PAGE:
Friday, Aug. 19, 2011 | 2 a.m.
Editor’s note: Twenty-five years ago this summer, Life magazine named U.S. Highway 50, as it crosses Central Nevada, the loneliest road in America. A photo of a straight stretch of empty highway fixed it in the national imagination as a symbol of the state’s vast emptiness. To mark the anniversary of the Life photo, columnist J. Patrick Coolican and photographer Leila Navidi drove the length of U.S. 50 in Nevada to examine issues important in the rural communities along the highway, meet its people and explore loneliness in the hyper-connected age.
ELY — About as far away as anyplace you can possibly be and still be in the United States, but it’s right in the middle of everywhere.
That was the saying of a late friend of Ed Spear, executive director of the White Pine County Tourism & Recreation Board.
It sounds like a joke, like something out of a Christopher Guest movie-parody of a small Nevada town. I’m not even sure what “middle of everywhere” means, but somehow it feels charmingly true in Ely.
Ely ignores the assumption that our smallest communities are not just remote but dull, and, through hard work and vision and collaboration, the town of 4,000 strives for a little greatness.
I see it when Pat Rogers gives us a tour of the Nevada Northern Railway Museum, which operates century-old steam locomotives — the “Ghost Train” that a couple dozen people paid $24 each on a recent Monday to ride the Keystone Route toward Ruth, a tiny town, through the old tunnel. The coal fire is just visible inside the black beast, and cinders settle on my notebook. The place has a few paid employees, but is sustained by volunteers.
In town, where an arts-and-crafts fair was being held, the buildings are covered in murals. A bit more than a decade ago, after the copper mine closed, the townspeople got together to do something about the disturbing new blight. They raised money and brought in artists, and Ely is now home to 26 murals, the theme of which is “Where the world met and became one.”
(Perhaps this mural idea could be used to dress up the half-finished Echelon on the Strip.)
One mural is called “United by our Children,” which depicts a big American flag with a multicultural array of children. As Spear explains, we all came here segregated by ethnicity and language, but our children went to the same public schools and we all became Americans.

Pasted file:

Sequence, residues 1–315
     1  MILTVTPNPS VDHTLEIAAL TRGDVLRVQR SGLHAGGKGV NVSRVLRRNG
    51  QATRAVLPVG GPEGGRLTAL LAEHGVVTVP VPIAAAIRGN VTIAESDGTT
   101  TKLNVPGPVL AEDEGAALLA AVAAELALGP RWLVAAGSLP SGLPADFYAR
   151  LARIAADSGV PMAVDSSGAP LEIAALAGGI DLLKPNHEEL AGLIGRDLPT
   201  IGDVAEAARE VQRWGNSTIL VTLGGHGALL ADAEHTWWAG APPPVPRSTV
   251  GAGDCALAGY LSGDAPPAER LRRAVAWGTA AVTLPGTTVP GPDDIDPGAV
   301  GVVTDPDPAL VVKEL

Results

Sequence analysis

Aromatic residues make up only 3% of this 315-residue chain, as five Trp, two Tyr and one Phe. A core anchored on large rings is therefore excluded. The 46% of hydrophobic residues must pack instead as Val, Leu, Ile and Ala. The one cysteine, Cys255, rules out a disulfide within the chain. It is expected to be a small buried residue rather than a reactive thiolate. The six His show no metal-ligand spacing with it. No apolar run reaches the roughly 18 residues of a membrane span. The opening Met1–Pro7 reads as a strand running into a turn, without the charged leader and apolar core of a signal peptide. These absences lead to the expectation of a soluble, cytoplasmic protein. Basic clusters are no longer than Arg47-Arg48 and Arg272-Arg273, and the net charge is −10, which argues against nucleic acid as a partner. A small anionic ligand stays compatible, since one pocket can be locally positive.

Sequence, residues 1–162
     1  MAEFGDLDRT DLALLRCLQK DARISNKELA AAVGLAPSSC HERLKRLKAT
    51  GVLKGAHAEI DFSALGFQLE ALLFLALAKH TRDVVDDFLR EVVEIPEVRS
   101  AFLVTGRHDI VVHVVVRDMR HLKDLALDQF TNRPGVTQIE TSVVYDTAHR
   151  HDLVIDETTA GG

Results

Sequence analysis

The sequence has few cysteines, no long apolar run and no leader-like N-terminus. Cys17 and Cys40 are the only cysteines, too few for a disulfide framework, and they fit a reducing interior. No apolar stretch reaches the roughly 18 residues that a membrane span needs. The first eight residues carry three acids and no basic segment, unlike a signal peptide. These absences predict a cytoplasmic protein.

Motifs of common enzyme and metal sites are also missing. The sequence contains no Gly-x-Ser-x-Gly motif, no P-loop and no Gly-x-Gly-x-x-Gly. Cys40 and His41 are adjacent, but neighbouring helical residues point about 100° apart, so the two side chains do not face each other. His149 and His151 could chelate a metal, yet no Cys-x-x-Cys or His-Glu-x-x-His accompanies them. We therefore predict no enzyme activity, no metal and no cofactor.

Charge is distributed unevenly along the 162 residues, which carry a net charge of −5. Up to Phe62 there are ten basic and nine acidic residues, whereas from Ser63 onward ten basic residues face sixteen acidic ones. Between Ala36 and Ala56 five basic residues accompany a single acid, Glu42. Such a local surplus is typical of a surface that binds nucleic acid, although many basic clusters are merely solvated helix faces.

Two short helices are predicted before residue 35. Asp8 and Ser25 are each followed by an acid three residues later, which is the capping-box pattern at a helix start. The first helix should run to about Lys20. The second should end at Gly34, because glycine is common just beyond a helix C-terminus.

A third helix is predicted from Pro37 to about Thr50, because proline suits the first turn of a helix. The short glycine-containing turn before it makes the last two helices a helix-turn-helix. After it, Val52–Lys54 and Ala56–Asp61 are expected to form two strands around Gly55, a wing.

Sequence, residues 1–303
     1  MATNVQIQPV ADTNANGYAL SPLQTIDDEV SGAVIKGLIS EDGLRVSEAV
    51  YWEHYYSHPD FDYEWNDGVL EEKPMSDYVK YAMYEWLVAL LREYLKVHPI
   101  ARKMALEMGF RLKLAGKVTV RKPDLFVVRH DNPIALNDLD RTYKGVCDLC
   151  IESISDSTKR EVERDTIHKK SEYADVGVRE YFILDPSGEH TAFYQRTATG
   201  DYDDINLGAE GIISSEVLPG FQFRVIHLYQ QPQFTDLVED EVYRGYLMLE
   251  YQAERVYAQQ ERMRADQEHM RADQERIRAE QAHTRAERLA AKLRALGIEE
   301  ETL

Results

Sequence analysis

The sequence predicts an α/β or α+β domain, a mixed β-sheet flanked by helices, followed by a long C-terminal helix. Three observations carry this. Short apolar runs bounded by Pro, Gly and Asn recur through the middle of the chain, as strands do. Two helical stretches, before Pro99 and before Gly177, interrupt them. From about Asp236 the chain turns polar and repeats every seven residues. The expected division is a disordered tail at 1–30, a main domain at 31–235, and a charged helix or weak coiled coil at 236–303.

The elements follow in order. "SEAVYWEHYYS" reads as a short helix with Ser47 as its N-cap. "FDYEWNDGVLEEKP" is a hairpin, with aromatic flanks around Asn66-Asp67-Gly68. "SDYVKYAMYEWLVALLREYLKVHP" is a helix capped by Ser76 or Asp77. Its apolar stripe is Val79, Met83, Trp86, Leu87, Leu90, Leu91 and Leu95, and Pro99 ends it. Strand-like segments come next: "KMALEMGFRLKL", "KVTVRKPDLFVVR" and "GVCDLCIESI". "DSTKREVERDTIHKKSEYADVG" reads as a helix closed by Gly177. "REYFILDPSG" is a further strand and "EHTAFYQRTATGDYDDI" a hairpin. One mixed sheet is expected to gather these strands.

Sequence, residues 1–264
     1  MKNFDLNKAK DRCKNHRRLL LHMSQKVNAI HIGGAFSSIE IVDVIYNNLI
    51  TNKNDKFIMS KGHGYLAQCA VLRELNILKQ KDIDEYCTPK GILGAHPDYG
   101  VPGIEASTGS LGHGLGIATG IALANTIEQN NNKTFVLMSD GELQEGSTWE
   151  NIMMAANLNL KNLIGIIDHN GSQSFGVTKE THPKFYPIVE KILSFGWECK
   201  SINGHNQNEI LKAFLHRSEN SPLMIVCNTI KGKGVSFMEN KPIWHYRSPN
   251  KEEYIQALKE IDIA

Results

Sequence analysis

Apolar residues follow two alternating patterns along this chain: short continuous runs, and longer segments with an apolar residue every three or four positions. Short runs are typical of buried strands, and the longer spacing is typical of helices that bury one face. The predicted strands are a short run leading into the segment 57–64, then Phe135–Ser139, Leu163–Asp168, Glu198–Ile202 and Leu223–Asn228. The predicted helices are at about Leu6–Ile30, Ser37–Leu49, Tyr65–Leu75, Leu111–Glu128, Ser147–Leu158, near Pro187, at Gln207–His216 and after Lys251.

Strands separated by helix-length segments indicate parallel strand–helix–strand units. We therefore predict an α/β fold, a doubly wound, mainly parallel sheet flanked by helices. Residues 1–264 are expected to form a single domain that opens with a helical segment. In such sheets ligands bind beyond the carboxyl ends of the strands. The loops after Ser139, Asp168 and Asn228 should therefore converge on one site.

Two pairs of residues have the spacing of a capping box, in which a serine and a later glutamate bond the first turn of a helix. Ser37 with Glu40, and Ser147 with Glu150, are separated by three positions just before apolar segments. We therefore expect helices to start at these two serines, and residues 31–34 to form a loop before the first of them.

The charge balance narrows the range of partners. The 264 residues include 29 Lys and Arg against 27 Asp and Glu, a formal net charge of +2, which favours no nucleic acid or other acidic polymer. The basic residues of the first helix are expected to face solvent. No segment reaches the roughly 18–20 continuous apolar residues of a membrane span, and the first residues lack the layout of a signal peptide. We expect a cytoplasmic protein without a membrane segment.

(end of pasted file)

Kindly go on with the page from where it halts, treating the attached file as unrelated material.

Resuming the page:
Ely hosted the International Global Mural Conference.
The middle of everywhere.
Now, though, people in Ely fear they are about to be cut off from the world.
A federal program called Essential Air Service heavily subsidizes the one daily flight out of Ely Airport, and with budget cutting the in-thing these days, the subsidy would seem to be in jeopardy.
Great Lakes Airlines flew 52 passengers from Ely to Las Vegas in June and 64 in July, more than double the totals from last year, when the airline only flew to Denver.
The subsidy amounted to a whopping $3,700 per passenger last year. But Mike Coster, airport director, says that if you add passengers coming into Ely, and the increased passenger counts of recent months, the subsidy is more like $1,197.
Many of the passengers are mine engineers or workers on the new north-south transmission line, which is seen as key to the development of renewable energy in the state.
There’s no bus service to Ely, and it’s as far from a real airport as just about any place in the country, about 240 miles from Salt Lake City and Las Vegas.
The people here help each other, and they have to, as it’s easy to get stranded if your car breaks down, which is why the airport is so important.
“It’s our only link to the outside world,” Mayor Jon Hickman says.
So, should the rest of us subsidize Ely?
This is a classic case where the free market won’t provide something we’ve collectively deemed to be a social good — keeping little towns connected to the rest of the world — so we use our tax dollars to do it.
There are many other examples of this. An interesting parallel is the Rural Electric Administration, a New Deal program that brought thousands of rural communities — literally — out of the dark by providing electric service when it made no financial sense for private utilities to do so. This is just one example of federal largesse for rural communities, which have relied on federal support for roads, flood control, farm subsidies.
A more recent parallel is the transmission line outside Ely that I mentioned earlier, which wouldn’t be happening without federal loan guarantees.
(If you’re keeping score at home, what else has the federal government done in the past century or so that no one else could have done? Beat the Axis and won the Cold War; built the Interstate Highway System; ended racial apartheid in the American South; significantly curbed elderly poverty through Medicare and Social Security; put men on the moon; cleaned up — to some degree — the Great Lakes and a bunch of Superfund sites; and invented the Internet through the Defense Advanced Research Agency.)
The paradox here is that rural Nevada is ground zero for the state’s Tea Party movement, which rests on the principle of more or less dismantling the federal government. Sen. Harry Reid, who is Ely’s only shot at keeping air service and is more responsible than anyone for the transmission line, lost to Tea Party favorite Sharron Angle by more than 40 points in White Pine County.
If I were an ungracious sort, I might say it’s time that Ely drink the tea that it hath brewed.
Next stop: Eureka.